How We Don’t Look at Kenya
Western media coverage of the conflict in Kenya has been enormous, especially for a story coming out of Africa. The reportage has been a staple of the Economist and the New York Times since the beginning of the year, and even the Arkansas Democrat-Gazette has run the AP’s dispatches from Nairobi. Yet for all its breadth, the coverage has been dangerously lacking in depth. The media’s principal crime has been to recycle plot lines from past African conflicts and apply them to Kenya. At first, it was the story of an abusive, autocratic government that “stole the election” versus an opposition leader who refused to be silenced. More recently, proclamations of “ethnic cleansing” have dominated headlines, along with speculation about all-out civil war. And the images of young, angry black men carrying guns in front of flaming roadblocks circulatinged in the media evoke memories of other hotspots like Sierra Leone and Somalia.
But the Western media is getting it wrong. This is not to say that the horrific stories are untrue, or that the violence in Kenya isn’t really all that bad. But these stories are incomplete. They ignore the past decade of Kenya’s history and the complicated politics behind the present conflict. Perhaps, to a certain extent, newspapers and magazines will always shorten and dramatize their stories, regardless of what part of the world they are covering. But this tendency should not absolve reporters of their responsibility to get facts straight.
As they search for ways to interpret and frame the issue, Western news outlets have become fixated on the ethnic dimensions of the conflict. At the height of the violence in late January and early February, media descriptions of “tribal killings” and “ethnic cleansing” ran rampant, as did allusions to the 1994 Rwanda genocide. Gerard Prunier, a political scientist who has written extensively on Rwanda and Darfur, says that for the media, “‘genocide’ is big because it carries the Nazi label, which sells well.” Likewise, the term “ethnic cleansing” recalls bloodshed in the former Yugoslavia, giving the reader a non-African reference point that adds to the drama of the narrative.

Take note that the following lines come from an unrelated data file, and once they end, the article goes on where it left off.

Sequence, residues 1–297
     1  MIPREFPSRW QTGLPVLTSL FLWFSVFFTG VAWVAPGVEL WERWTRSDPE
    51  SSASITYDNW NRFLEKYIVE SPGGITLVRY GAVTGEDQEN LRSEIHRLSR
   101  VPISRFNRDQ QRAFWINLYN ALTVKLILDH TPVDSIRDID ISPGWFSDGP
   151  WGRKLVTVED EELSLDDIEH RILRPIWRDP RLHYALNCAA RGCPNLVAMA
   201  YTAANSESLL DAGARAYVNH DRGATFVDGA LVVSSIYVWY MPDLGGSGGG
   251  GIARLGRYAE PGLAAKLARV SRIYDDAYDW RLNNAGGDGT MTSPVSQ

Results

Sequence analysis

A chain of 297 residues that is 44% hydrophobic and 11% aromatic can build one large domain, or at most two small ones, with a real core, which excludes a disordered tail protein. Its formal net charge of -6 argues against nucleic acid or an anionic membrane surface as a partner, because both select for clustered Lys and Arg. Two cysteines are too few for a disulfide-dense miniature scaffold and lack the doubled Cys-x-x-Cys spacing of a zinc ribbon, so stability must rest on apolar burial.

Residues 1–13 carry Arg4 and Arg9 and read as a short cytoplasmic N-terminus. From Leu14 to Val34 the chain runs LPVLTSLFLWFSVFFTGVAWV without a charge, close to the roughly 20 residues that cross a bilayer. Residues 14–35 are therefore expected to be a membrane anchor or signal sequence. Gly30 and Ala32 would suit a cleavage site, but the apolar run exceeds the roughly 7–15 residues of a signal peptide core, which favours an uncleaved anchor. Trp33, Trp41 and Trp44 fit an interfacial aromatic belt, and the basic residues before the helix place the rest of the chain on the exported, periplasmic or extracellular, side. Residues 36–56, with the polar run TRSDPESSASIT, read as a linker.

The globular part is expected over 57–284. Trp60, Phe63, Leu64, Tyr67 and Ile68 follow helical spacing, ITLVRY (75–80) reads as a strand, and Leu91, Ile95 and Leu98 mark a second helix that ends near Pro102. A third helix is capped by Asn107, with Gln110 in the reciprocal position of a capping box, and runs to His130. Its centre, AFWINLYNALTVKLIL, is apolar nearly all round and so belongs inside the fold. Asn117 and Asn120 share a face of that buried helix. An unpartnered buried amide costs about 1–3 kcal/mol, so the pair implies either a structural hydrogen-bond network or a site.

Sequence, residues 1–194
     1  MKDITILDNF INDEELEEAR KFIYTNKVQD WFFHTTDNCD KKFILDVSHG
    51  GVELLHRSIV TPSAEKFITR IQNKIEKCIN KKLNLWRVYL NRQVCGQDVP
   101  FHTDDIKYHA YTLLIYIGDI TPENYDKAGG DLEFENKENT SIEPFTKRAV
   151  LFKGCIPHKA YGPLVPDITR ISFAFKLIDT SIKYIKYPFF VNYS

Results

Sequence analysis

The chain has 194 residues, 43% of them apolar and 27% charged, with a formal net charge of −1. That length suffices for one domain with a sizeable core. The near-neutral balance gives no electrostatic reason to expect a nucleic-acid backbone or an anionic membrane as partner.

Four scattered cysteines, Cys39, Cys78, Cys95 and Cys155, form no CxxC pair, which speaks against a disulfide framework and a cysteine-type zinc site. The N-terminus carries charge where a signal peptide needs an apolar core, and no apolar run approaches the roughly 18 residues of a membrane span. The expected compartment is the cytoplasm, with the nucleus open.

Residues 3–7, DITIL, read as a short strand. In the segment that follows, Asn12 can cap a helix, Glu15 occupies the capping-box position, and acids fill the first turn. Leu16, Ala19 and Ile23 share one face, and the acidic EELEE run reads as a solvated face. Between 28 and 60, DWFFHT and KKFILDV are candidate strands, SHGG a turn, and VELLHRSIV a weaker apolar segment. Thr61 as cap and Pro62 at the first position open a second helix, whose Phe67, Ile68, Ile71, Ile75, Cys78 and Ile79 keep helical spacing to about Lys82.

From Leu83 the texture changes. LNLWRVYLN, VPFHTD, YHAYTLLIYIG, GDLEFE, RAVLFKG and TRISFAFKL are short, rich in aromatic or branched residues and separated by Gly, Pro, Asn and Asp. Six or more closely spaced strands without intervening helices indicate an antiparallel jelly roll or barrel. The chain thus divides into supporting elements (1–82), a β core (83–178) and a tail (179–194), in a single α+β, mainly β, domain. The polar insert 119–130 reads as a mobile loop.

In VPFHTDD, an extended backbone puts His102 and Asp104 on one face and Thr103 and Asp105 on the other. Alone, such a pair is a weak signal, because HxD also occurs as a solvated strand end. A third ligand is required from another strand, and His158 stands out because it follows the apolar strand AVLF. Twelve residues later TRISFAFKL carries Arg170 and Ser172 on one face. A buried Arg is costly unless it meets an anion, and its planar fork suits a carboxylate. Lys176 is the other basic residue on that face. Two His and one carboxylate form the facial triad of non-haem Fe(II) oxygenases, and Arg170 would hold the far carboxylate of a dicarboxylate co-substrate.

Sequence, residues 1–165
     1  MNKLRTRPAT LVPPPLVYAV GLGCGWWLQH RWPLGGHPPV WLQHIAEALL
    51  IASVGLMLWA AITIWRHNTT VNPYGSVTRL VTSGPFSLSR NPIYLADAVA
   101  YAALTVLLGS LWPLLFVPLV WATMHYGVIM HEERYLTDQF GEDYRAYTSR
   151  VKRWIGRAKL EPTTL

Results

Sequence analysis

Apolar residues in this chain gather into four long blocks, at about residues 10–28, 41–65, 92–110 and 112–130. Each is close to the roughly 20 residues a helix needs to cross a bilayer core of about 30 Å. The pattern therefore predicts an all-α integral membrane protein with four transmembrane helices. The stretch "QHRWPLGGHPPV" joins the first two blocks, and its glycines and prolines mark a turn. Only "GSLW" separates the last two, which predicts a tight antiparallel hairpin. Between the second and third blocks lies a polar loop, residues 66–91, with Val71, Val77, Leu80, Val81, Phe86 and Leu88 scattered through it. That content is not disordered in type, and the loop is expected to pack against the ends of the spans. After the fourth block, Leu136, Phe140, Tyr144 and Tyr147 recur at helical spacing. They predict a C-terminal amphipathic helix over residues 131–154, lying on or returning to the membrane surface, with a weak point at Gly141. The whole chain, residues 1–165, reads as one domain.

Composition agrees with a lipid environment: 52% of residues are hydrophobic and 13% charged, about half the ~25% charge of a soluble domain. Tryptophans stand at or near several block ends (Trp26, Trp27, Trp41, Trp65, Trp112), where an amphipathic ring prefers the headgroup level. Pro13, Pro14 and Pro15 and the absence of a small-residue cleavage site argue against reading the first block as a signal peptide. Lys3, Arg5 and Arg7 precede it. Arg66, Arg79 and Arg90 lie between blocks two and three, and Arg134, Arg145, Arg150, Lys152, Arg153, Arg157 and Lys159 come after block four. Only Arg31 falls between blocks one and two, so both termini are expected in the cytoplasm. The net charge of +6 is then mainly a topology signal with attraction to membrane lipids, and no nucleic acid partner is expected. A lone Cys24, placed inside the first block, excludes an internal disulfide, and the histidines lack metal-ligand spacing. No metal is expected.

Acts of genocide and ethnic cleansing are generally understood as one-sided: one group is considered to be the victim, the other, the perpetrator. However, this has not been the case in Kenya, where different ethnic groups have assumed both roles. Maina Kiai, Chairman of the Kenya National Commission on Human Rights and a well-respected Kenyan activist, says there is evidence linking both the government officials accused of stealing the election and members of the opposing party, the Orange Democratic Movement (ODM), to the killings. At a SIPA panel in February, Kiai described the situation as “a political crisis with ethnic expression,” noting that politics in Kenya and many other African countries sometimes happen to be organized around ethnic lines. Other Kenyans writing about the conflict on op-ed pages or in independent newspapers agree: the violence is first and foremost political.
In any event, Western coverage of the crisis has been frequently marked by disbelief. Journalists have continually expressed shock that so stable and economically developed a country could experience such a societal breakdown. However, they shouldn’t have been so surprised. Demands for resources and political reform have been building for years, as has discontent with President Mwai Kibaki. Scholars and activists at the February SIPA panel argued that the crisis could have been predicted and questioned recent outpourings of disbelief. Columbia law professor Peter Rosenblum admonished the New York Times for giving only a limited story. “This was known in Africa,” he said, if not also in the U.S.